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Anatomy of an accident

June 1, 2010 -  By

Ron HallThe huge dead limb shifted and crashed, without warning, to the dried leaf litter covering the soft earth on the other side of the towering oak. It happened in the blink of an eye. Almost simultaneously, we heard a grunt, as if somebody had been struck with something heavy. It was followed by a groan and then a hoarse, frightened cry: “Get it off of me! Get it off of me!”

The limb — thicker than a large man’s thigh — had pinned a young worker against the other side of the mature oak, where three equally young co-workers had been attempting to dislodge the gnarly, twisted chunk of wood. The limb, which had been wedged just above the workers’ heads in the crook of the oak, weighed 500 lbs. or perhaps a bit more.

I witnessed this accident, and have since often replayed it in my head, considering what I could have done or said to have prevented it.

Consider the accident’s anatomy:

As three young workers put their shoulders to the limb and pushed to dislodge it, their co-worker had, in an attempt to help extricate the massive branch, moved to the other side of the oak, the side where it was meant to drop. When the limb released from the oak’s crotch so suddenly — almost to the surprise of everybody — it pin-wheeled awkwardly from its perch, slamming their friend to his knees and crushing his upper body against the oak’s trunk.

Sensing what had happened and hearing their colleague’ pleas for help, the small group of us pushed the huge limb off of the young worker. Released from the tree, the young man painfully discovered he could barely move his left arm. All of us feared he had broken his collarbone or a bone in his left shoulder. Fortunately, he had not. I later learned that he had sustained muscle bruises — and being young and strong, he quickly recovered and was back at work.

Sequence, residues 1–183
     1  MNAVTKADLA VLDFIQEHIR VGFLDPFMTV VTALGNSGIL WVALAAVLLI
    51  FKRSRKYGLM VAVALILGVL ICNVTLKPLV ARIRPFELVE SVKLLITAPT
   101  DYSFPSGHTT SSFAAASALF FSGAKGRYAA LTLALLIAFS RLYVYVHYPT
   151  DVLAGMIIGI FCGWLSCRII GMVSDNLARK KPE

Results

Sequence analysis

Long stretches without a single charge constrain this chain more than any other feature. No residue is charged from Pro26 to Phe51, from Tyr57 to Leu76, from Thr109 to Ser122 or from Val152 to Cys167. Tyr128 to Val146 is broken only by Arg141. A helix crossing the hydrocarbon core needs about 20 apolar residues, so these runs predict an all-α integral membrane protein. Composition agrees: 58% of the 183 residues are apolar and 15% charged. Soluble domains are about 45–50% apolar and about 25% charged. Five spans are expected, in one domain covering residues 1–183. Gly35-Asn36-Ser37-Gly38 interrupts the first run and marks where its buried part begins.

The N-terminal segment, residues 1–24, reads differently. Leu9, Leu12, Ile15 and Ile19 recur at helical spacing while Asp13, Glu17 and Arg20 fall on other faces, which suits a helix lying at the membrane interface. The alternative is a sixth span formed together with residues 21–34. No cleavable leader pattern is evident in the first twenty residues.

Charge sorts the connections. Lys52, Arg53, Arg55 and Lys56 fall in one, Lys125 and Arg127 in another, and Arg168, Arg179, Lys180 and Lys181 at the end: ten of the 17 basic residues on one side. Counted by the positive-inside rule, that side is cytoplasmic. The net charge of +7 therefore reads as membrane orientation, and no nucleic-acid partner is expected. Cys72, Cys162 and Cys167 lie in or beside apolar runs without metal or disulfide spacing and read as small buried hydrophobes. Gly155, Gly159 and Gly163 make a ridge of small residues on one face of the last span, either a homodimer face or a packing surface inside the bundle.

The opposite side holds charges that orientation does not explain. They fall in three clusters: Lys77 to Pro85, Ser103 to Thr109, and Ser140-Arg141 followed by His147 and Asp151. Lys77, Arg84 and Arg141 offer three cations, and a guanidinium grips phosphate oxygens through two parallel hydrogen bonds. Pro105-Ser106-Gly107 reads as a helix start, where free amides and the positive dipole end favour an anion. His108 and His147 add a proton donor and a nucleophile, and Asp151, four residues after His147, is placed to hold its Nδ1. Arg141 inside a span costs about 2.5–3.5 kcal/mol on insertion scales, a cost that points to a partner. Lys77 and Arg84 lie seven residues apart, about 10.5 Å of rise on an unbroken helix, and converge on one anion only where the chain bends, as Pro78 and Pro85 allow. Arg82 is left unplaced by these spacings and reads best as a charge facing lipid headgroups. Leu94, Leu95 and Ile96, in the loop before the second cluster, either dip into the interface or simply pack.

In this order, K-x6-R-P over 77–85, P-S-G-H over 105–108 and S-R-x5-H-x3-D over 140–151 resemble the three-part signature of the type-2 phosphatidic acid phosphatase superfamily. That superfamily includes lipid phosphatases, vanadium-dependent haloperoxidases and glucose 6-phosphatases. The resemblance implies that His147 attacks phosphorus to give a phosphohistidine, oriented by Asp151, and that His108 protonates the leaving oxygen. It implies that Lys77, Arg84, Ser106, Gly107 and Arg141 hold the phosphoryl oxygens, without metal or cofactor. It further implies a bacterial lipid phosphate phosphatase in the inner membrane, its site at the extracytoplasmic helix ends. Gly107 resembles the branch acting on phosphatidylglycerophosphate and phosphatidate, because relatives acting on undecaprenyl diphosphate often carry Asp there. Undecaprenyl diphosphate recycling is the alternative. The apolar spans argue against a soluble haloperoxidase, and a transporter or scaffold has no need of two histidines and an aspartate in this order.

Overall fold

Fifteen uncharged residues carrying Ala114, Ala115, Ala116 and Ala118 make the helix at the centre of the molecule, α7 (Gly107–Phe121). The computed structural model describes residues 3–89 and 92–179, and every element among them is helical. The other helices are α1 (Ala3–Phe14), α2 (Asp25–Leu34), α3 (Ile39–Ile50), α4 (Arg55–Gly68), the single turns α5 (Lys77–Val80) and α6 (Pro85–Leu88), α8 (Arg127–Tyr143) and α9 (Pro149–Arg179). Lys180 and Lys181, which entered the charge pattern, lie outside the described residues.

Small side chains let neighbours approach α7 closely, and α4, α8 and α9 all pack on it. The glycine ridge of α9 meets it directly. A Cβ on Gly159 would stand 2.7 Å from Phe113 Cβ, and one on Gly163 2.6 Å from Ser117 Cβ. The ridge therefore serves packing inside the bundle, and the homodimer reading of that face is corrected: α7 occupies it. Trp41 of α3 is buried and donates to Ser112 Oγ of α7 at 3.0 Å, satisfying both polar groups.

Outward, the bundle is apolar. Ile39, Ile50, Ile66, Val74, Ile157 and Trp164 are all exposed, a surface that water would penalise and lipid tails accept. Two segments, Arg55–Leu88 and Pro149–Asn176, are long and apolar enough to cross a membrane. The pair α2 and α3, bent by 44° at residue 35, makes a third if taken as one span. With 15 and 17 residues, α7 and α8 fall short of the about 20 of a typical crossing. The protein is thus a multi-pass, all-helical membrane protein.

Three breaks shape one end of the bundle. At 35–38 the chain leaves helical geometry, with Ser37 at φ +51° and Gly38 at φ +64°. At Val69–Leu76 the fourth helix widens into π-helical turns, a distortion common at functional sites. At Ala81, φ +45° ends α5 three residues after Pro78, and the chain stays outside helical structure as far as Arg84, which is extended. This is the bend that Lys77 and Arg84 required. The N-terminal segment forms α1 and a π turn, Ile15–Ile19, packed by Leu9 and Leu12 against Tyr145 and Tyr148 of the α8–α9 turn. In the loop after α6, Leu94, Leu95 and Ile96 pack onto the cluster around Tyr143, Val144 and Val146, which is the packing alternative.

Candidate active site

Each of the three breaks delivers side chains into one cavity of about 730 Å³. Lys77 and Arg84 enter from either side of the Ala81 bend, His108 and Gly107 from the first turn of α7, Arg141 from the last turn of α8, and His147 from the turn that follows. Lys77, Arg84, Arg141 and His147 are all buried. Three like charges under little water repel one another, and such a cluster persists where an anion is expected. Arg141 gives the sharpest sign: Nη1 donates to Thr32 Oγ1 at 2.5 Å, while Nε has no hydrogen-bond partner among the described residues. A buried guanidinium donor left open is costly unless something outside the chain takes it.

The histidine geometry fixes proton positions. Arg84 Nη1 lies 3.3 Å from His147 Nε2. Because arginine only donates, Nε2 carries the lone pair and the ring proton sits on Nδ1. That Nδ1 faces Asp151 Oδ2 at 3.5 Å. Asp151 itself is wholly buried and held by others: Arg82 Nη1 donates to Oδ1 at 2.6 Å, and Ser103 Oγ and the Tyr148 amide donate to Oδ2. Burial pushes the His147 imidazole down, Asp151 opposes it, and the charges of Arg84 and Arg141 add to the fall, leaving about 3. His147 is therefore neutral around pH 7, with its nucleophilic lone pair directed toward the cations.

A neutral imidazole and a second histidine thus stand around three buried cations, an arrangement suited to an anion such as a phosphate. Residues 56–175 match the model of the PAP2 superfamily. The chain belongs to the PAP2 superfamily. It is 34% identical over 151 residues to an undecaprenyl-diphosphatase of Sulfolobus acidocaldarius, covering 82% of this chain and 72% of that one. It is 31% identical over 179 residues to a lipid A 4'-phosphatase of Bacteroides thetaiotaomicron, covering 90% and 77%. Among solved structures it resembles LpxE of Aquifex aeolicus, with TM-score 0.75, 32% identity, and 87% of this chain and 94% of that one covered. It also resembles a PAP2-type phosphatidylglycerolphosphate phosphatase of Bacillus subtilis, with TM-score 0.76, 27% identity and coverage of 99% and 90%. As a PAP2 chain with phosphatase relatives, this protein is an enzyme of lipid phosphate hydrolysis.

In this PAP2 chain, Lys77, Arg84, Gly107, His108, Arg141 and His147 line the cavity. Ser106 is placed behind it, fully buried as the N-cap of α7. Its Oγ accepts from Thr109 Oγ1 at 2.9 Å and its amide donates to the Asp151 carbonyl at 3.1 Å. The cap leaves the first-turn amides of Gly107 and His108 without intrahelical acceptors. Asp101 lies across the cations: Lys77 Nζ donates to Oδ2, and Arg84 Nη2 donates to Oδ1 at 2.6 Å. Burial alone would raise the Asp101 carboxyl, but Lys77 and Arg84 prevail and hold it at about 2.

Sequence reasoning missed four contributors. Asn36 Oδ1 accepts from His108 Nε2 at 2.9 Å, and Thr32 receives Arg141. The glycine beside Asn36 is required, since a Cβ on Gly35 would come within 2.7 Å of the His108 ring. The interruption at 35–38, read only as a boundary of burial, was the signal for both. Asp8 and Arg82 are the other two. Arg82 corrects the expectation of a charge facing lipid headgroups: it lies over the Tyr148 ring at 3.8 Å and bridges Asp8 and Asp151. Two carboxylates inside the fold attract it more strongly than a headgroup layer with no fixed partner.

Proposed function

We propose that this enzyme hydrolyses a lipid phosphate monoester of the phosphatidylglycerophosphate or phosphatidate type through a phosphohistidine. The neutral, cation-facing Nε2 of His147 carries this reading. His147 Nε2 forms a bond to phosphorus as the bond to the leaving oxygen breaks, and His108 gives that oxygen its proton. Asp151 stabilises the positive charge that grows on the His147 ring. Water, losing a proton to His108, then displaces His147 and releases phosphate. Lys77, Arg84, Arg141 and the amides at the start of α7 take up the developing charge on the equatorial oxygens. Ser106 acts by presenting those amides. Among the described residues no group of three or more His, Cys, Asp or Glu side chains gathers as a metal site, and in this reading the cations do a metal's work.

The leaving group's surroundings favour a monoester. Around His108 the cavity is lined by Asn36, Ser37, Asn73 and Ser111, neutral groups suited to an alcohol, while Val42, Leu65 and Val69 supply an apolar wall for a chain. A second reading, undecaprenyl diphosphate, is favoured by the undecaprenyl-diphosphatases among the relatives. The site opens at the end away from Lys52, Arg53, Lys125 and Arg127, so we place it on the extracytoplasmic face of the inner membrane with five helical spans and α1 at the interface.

Far less fortunate are the more than 200 landscape workers who will die on the job this year, according to the National Institute for Occupational Safety and Health (NIOSH). This is a hard, cold fact. It happens every year.

It is also unacceptable. Our industry is sustaining far too many fatalities, even when you take into account that most of the work is done using powerful and potentially dangerous equipment in often environmentally demanding conditions.

Time to reduce the numbers

To reduce the level of fatalities in this industry, it starts by training employees to recognize and avoid the potential dangers inherent in the tasks they perform. Let’s not assume this can be done in a single morning or a single day. Safety training is ongoing and, considering the consequences, requires weekly — if not daily — education and reminders of specific hazards.

Fortunately, none of us have to go it alone or invent a new training program. The Professional Landcare Network (PLANET) has helped hundreds of landscape companies through its Safety Training Achieves Remarkable Success (STARS) program, which is still going strong. Check it out at PLANET’s website:

As I learned from my recent experience with the young guys freeing the huge limb, the anatomy of an accident is remarkably easy to reconstruct after it happens. It’s much better to be trained to recognize a hazard and respond to it appropriately so you’re not left wondering (as I was) what you could have done differently.

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LM Staff

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